And yes, it gets worse again:

“The lunches help a lot, the food is healthy and it fills them up, the food stamps are never enough,” said Davis, 36, who has enough freshly cooked hot dogs, fruit pots, carrots, and milk and juice cartons for her eldest two children who stayed home.

Once a week or so Davis also picks up groceries from the food pantry which provides fresh produce rarely available at her local convenience stores. “I was raised to be humble, and right now I’ve no work so I need help. The alternative would be my kids going hungry.”

Davis is not alone. The number of people relying on the pantry is up 150% compared to pre-pandemic times.

America has an extremely efficient system for getting food to people who need food. These food pantries, food banks. Sure, that it’s being done by plain good folks helpin’ out the neighbours will annoy those who want to employ a bureaucracy to do it but the job is getting done. And rather better than it would be by government as anyone who has ever tried government cheese will know.

Poor Americans gain access to vast amounts of good quality food. The Guardian declares this to be a problem because summat about capitalism and racism. We should probably tell The Guardian to go boil its head.



  1. I didn’t realize that I lived in a food desert instead of a real one here in suburbia. I guess that is why I have to put up with emaciated beggars on the way to work. The plight of poor people trying to escape the pestilential hellhole of San Diego for Tijuana is so heartbreaking. The food riots of the past few weeks are spreading. People are now trading carefully hoarded toilet paper for food. This may be the last message I can get out of California before civilization collapses. Courage!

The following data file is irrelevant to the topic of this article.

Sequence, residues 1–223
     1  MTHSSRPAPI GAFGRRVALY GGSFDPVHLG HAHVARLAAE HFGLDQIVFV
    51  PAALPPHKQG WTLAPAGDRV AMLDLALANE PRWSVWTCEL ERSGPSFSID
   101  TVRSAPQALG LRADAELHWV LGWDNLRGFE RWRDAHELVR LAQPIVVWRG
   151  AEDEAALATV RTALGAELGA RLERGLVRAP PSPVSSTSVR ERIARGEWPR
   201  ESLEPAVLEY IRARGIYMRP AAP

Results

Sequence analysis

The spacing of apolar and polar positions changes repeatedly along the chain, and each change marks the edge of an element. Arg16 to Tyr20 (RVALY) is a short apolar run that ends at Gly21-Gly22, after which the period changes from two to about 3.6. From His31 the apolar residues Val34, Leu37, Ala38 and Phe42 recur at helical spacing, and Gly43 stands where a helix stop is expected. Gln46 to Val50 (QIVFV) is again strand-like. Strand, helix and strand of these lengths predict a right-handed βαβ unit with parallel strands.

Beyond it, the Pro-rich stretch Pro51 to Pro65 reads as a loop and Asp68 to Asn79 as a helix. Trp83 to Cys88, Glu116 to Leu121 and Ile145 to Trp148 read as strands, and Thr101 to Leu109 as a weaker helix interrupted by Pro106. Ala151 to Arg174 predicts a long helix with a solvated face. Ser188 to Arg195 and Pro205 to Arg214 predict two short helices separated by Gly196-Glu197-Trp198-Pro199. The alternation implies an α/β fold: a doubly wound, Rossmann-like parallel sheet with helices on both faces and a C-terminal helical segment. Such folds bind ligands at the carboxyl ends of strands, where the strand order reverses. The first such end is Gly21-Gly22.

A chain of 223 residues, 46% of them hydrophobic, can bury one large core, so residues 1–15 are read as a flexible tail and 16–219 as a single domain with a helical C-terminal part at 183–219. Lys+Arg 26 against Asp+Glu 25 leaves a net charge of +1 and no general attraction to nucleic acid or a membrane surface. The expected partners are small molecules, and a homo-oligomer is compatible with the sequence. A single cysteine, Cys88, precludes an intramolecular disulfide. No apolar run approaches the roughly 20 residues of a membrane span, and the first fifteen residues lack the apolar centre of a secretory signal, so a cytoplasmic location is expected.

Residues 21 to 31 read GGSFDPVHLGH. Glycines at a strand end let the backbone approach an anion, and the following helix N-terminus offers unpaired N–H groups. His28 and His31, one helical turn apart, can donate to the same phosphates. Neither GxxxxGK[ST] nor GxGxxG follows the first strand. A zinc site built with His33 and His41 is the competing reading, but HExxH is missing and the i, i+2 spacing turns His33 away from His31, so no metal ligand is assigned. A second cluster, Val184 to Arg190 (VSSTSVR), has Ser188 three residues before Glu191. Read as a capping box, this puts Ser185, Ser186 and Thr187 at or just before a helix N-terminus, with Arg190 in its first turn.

2. Shows that a ordinary observer cannot be trusted.

    Used to live near Homewood, and I would have swon until I was blue in the face that the inhabitants were mostly obese.

    Little did I know that they weren’t getting enough food.

    Glad the Guardian set my lying eyes straight.

  3. Here in Sunny South Africa we don’t have food deserts in predominantly black neighbourhoods because of the spaza. “A spaza shop also known as a tuck shop is an informal convenience shop business in South Africa, usually run from home. They also serve the purpose of supplementing household incomes of the owners, selling everyday small household items.” But you don’t get them in the Yonited States because they regulate the spit out of everything there and to sell a box of matches takes three hundred and seventeen different permits covered by eight hundred and forty six statutes. I’m probably on the hyperbolically low side here.

    This is what happens when free enterprise is given a chance.


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in British English
expunct (ɪkˈspʌŋkt)
VERB (transitive)
1. to delete or erase; blot out; obliterate
2. to wipe out or destroy